Continuous maintenance work at Zimbabwe’s thermal power stations and recent reviews of electricity tariffs to cost-recovery levels would enable power producer, Zesa Holdings, to rehabilitate its power stations, the minister said.

Ncube said the trend on mobile data preference remains strong and the sector is expected to grow by 2%, driven by internet data, as digitalisation is scaled up with operators repositioning themselves by upgrading and automating their networks to enhance agility to deliver new services and applications to meet the fast-changing and versatile consumer demand.

He said the retail and wholesale trade sectors would grow by 5,1% in 2021.

“In the outlook, the retail sector stands to benefit from ongoing reforms which are strengthening the economy, overall invigoration of domestic production through strengthening of domestic value chains, tax reforms which cushion employees, as well as rolling out of various social protection schemes under the Covid-19 Stimulus package,” Ncube said.

He said the construction sector would grow by 2,6%. This, he said will be driven by implementation of the ongoing government projects in the areas of energy, transport, water and sanitation, education, housing and agriculture (irrigation development), among other projects.

He said it will also be driven by institutional housing projects, envisaged stable supply of electricity; and alternative investment strategies by banks to hedge against incidences of macro-economic volatilities

On inflation, Ncube projected that inflation will fall from the 56,37% this month to between 22% and 35% by the end of the year. This is the first time in more than two years that the inflation rate has dropped to double digit figures.

When the government introduced the Zimbabwean dollar as the sole legal tender in 2019, through Statutory Instrument 142 of 2019, inflation soared to three-digit figures.

The inflation rate shot to 830% in July last year as the local currency was severely weakened, and incomes and pensions which were indexed to the local currency were decimated as a result of SI 142 of 2019.

Government then made a U-turn last year and brought back the multi-currency regime ostensibly to ameliorate the impact of the Covid-19 pandemic.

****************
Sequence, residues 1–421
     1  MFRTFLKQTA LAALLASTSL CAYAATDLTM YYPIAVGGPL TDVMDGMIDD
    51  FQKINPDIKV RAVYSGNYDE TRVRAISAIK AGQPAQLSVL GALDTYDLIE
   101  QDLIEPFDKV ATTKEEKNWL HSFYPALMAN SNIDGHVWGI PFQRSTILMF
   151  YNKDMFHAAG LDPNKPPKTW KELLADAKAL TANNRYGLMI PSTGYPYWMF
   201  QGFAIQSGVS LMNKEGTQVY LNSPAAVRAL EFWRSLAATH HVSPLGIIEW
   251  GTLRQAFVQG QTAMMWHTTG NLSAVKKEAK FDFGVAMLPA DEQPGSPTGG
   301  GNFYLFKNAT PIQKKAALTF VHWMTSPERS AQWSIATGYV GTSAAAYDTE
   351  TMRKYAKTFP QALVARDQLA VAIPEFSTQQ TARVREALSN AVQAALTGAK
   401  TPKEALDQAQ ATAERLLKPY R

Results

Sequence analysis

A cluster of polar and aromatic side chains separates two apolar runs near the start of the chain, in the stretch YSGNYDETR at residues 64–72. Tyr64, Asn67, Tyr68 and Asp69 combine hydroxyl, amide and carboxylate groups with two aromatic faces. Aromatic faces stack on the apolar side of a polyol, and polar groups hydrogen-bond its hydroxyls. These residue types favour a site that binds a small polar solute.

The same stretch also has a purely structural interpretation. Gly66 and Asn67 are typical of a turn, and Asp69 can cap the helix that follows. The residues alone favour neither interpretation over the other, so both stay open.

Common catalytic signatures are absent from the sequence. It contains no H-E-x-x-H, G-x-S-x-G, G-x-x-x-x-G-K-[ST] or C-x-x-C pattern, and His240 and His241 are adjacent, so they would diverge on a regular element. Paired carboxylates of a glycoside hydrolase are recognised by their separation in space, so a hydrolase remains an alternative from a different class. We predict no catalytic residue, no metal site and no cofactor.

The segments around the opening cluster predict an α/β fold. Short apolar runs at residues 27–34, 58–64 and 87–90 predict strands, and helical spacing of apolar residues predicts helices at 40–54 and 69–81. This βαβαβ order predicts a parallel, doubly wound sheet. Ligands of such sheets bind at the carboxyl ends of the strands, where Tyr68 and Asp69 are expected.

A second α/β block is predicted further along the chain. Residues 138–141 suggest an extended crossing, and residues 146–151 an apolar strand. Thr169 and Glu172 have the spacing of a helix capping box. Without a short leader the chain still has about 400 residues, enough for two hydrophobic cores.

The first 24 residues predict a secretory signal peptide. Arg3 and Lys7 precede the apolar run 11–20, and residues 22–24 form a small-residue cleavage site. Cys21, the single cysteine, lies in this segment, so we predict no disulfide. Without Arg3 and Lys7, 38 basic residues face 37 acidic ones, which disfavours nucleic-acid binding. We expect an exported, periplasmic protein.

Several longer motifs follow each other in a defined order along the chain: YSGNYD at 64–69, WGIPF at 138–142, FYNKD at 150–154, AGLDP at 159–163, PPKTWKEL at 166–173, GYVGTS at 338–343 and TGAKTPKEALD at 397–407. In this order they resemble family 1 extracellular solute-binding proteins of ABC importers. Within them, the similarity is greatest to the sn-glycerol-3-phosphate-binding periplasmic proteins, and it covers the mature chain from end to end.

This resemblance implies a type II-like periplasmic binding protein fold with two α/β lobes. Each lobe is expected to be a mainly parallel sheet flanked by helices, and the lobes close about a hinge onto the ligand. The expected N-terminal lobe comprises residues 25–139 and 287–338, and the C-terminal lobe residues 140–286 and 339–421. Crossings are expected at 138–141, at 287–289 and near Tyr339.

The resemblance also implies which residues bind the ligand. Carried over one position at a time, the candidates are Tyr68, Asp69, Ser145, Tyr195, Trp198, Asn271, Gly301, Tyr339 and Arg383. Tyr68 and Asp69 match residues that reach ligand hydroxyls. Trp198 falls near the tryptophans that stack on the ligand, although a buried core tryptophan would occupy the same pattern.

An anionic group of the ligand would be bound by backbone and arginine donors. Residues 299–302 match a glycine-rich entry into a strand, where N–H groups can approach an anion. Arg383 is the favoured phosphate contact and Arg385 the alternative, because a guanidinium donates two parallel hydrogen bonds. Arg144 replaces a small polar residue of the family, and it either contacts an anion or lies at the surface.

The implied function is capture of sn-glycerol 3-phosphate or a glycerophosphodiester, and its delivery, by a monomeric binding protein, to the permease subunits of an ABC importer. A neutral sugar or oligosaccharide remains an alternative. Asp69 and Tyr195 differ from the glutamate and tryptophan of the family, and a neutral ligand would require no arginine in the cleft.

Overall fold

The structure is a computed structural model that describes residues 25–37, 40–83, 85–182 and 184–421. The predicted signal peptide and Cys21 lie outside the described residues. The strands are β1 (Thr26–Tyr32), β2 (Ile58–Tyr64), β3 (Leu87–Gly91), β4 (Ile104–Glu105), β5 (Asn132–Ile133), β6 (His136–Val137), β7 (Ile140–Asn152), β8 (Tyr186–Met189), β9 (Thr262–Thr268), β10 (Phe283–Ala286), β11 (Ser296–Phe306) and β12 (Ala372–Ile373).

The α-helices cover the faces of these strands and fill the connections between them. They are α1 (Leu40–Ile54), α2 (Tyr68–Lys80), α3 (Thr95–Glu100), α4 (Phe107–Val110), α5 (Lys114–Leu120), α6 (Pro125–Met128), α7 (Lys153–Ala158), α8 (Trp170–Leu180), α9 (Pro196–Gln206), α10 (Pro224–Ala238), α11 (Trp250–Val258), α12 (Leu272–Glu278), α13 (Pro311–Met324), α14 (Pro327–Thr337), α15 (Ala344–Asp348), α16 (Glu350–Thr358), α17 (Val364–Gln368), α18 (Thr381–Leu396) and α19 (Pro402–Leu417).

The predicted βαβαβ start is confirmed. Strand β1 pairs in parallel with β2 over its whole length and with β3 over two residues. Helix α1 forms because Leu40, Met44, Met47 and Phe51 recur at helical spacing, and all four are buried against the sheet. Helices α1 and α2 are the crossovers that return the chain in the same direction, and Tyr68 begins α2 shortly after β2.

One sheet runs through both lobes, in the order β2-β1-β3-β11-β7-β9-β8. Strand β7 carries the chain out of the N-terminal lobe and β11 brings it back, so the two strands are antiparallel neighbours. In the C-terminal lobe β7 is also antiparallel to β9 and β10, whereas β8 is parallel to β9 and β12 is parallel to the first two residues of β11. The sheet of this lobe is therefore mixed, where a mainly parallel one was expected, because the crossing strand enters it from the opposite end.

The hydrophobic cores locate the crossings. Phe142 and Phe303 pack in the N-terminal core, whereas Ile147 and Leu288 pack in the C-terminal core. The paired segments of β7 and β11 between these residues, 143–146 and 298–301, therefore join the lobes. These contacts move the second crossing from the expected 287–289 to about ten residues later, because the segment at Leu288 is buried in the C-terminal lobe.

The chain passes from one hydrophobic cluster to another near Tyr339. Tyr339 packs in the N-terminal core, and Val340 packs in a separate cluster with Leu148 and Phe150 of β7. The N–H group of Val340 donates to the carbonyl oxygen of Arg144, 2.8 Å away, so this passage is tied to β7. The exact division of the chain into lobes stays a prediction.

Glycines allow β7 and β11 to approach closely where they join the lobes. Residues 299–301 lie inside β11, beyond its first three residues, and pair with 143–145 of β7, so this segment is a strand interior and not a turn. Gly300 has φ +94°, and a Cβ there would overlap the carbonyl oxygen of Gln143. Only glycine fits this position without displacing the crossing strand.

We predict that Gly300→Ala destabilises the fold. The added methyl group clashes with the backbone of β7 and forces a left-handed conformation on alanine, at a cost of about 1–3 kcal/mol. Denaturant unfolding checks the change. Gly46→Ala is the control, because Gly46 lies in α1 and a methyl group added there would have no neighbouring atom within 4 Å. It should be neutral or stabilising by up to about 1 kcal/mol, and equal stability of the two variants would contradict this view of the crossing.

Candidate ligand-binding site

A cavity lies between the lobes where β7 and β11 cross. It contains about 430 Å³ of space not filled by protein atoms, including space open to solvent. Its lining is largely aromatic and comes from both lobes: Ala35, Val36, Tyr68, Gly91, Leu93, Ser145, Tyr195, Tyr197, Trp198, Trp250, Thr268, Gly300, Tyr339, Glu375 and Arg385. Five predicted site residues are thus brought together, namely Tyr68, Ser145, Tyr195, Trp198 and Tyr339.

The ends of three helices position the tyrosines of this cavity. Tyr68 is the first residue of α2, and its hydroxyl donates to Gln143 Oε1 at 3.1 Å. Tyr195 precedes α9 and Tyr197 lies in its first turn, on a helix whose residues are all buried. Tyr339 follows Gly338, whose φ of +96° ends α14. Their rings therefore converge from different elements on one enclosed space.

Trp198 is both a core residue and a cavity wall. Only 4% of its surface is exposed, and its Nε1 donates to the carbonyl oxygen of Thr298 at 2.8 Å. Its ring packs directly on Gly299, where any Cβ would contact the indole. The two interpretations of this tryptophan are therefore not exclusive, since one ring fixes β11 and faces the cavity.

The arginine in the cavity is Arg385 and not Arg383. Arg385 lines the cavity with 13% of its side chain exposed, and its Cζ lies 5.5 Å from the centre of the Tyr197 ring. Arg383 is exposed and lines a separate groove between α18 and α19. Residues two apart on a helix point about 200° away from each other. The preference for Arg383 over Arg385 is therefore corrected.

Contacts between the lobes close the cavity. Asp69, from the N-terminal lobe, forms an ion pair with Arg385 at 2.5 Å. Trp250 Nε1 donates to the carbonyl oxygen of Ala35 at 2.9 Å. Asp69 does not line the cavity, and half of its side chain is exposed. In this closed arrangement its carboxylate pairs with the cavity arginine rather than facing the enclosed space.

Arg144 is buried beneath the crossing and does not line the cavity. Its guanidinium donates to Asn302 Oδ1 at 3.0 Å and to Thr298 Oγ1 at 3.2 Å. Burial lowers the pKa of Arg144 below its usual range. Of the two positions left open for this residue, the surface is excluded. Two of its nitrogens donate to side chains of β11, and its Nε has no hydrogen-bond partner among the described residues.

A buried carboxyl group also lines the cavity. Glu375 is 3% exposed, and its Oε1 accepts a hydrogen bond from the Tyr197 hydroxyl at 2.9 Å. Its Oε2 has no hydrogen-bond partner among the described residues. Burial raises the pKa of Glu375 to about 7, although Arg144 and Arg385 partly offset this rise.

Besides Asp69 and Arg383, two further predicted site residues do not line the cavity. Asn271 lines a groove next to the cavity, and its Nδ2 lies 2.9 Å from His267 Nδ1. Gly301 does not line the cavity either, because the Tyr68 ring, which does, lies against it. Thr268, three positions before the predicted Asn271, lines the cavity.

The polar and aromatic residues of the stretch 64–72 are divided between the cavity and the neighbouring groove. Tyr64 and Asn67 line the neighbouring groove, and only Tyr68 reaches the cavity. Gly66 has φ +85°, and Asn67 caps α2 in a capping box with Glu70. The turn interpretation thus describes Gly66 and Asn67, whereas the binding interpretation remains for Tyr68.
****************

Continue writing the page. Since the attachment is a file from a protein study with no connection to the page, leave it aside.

The introduction of the foreign currency auction system in June last year, and the crackdown on mobile money transactions helped to slow down the rate of inflation.

Economist Godfrey Kanyenze said he is more concerned about the quality rather than the quantum of the growth rate.

“We should not be haggling over the quantum of the growth rate but we should be quizzing the sustainability of our growth which is reliant on external factors and not based on structural reforms,” Kanyenze said.

He pointed out that the country has experienced high growth rates before, particularly during the government of national unity between 2009 and 2013, but it has not translated into uplifting the lives of the poor.

Kanyenze said the current growth rate was not broad based and inclusive of the country’s population particularly at a time that nearly half the country’s population are impoverished.

“We seem to be focused on quantum when we need to do all we can to engender a decent job rich recovery,” he said.

He said the inflation projection is achievable as the government is simply undoing the fiscal indiscipline that had wreaked havoc on the economy.

Economist Prosper Chitambara said the growth rates projected by Ncube are possible given that the country is coming from a very low base as a result of two years of negative growth characterised by droughts.

However, he warned that the inflation projection could be hampered by the increase of the premium on the parallel market.